39 The language that Barba-Yorgos speaks is based on a comic perception of the Vlach language rather than on the Vlach language itself (i.e. Aromanian). In Markos Xanthos’ Ο γάμος του Μπαρμπαγιώργου, Barba-Yorgos says to Karagiozis: Να, στο τσουπί πάω να κάνω ψίχα γουρτζουλαβίδα, μαθές.’ The editor notes that γουρτζουλαβίδα is an alteration of εργολαβία [contracting work] and, here, a metaphor for sex. Indeed, the young bride does not understand the word and Barba-Yorgos brags: ‘Τήρα, τήρα ρε, που θα την μάθω γω!’ His response can be understood both as ‘I will teach her. . . Vlach’ and ‘I will teach her. . . sex’. G. Ioannou (ed.), O Καραγκιόζης, 2 vols (Athens 1971) I, 21. Note that τσουπί, for instance, is from Albanian rather than Vlach.

40 From the same script (Ι, 6; 18): ‘Βρε χαμάλη, είναι μούτρα αυτά για έρωτα; Δεν κοιτάς που είσαι σαν ουρακοτάγκος;’ (Fatme to Karagiozis). ‘Nα σου πάρει ο διάολος τον πατέλα’ (Kollitiris to his father) and ‘Να σου τον πάρει, αρχιλωποδύταρε, ανάθεμα το γονιό σου’ (Karagiozis’ reply).

41 When Karagiozis is scared, he says that he has soiled himself and needs clean pants: a formulaic joke. It is notable, though, that the word ‘shit’ is avoided. Cf. Markos Xanthos’ Η μεταμόρφωσις του Καραγκιόζη (Ioannou, O Καραγκιόζης, II, 73).

42 Henderson, J., The Maculate Muse: Obscene Language in Attic Comedy (London 1975) 62 , 91.

43 Op.cit., 91.

44 Op.cit., 63.

45 Op.cit., 63–4.

46 All ancient Greek passages are from Wilson, N. G. (ed.), Aristophanis Fabulae, I (Oxford 2007). The transcriptions of the shadow performances are my own.

47 Hadjipantazis, ‘Προσαρμογή λογίων κειμένων’, 124; the translation is my own.

48 Op.cit.

49 Cornford, F., The Origin of Attic Comedy (London 1914) 152–3.

50 Silk, ‘The people of Aristophanes’, 163 f. On the debate, also see Whitman, Comic Hero, 281-7; McLeish, K., The Theatre of Aristophanes (London 1980) 53ff; Baldwin, R., An Aristotelian Critique of Homeric Comic Technique in the Iliad (Florida 1997) 120237.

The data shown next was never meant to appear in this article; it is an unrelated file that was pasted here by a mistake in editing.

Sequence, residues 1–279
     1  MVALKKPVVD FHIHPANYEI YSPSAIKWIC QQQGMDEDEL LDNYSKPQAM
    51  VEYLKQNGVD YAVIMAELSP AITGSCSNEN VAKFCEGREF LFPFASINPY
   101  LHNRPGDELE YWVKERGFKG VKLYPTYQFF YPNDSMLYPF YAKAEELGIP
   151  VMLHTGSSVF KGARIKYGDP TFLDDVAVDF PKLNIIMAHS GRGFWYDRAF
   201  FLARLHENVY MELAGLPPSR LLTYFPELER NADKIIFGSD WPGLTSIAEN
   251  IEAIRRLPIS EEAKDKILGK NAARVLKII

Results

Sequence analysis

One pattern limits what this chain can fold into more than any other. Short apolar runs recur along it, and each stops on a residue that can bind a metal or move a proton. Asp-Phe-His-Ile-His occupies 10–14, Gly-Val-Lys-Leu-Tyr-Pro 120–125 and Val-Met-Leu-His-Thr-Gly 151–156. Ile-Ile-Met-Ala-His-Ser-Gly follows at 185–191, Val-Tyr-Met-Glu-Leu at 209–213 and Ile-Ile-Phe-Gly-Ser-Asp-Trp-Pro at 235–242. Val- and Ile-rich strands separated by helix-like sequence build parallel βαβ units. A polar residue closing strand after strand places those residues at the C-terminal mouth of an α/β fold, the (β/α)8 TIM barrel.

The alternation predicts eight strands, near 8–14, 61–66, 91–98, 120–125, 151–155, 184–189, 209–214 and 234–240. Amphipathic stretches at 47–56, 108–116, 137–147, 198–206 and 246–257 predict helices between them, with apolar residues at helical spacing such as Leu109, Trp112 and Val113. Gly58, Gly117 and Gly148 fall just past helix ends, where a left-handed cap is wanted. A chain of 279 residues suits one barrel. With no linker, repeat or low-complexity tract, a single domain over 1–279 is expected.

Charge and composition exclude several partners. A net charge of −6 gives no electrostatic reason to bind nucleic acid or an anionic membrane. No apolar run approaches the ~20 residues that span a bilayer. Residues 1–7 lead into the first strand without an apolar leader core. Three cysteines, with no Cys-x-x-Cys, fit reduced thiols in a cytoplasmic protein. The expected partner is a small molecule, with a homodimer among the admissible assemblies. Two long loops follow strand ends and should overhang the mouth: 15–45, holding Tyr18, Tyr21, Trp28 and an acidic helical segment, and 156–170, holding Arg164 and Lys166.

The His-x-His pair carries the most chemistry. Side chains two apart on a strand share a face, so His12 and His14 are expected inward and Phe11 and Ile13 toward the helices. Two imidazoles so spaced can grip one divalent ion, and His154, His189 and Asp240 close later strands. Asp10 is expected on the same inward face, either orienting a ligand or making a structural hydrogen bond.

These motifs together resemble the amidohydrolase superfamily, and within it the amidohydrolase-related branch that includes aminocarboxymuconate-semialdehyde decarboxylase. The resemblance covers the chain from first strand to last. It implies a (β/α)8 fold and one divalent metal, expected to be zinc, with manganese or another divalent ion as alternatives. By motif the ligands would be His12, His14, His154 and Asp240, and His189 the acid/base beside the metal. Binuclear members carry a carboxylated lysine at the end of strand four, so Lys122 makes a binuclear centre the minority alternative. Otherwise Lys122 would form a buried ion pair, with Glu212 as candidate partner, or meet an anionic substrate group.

51 The central idea of this adaptation is the replacement of the tragedians’ agon by an agon between the living composers Theodorakis and Hadjidakis.

52 I use this term as opposed to these of transposition and commentary; Cartmell, I. and Whelehan, D., Adaptations: from Text to Screen, Screen to Text (London 1999) 24 . In analogue, ‘while it may enrich and deepen our understanding of the new cultural product to be aware of its shaping intertext, it may not be entirely necessary to enjoy the work independently’ (Sanders, Adaptation and Appropriation, 22).

53 I disagree with Van Steen (Venom in Verse, 253) that ‘the diminutive suffix –akis added to the classical playwrights’ names both alluded to and belittled the modern artists as being inferior to their ancient counterparts’. The value of these composers was never in doubt, in the public consciousness at least. They are for modern Greek music as eminent as are Aeschylus and Euripides for ancient tragedy. And if this show ‘made fun’ of them, it is characteristic of comedy to honour public figures by parody – just as Aristophanes honoured the tragedians by ‘dedicating’ his work to them. Also note that the composers’ shadow-puppets are oversized, which in shadow-theatre terms is an indication of authority, and that Hadjidakis was the director of ERA's Third Programme at that time. In Greek, the suffix –akis may just imply affection.

54 For the wordplay in the original contest, see Konstantakos, Ι., ‘Η αβάσταχτη ελαφρότητα των στίχων: παιχνίδια γρίφων στον ποιητικό αγώνα των Βατράχων του Αριστοφάνη’, in Tsitsiridis, S. (ed.), Παραχορήγημα: μελετήματα για το αρχαίο θέατρο προς τιμήν του καθηγητή Γρηγόρη Μ. Σηφάκη (Heracleion 2010) 317–41.

55 Lada-Richards, I., Initiating Dionysus: Ritual and Theatre in Aristophanes' Frogs (Oxford 1999). Also Riu, X., Dionysism and Comedy (Lanham 1999).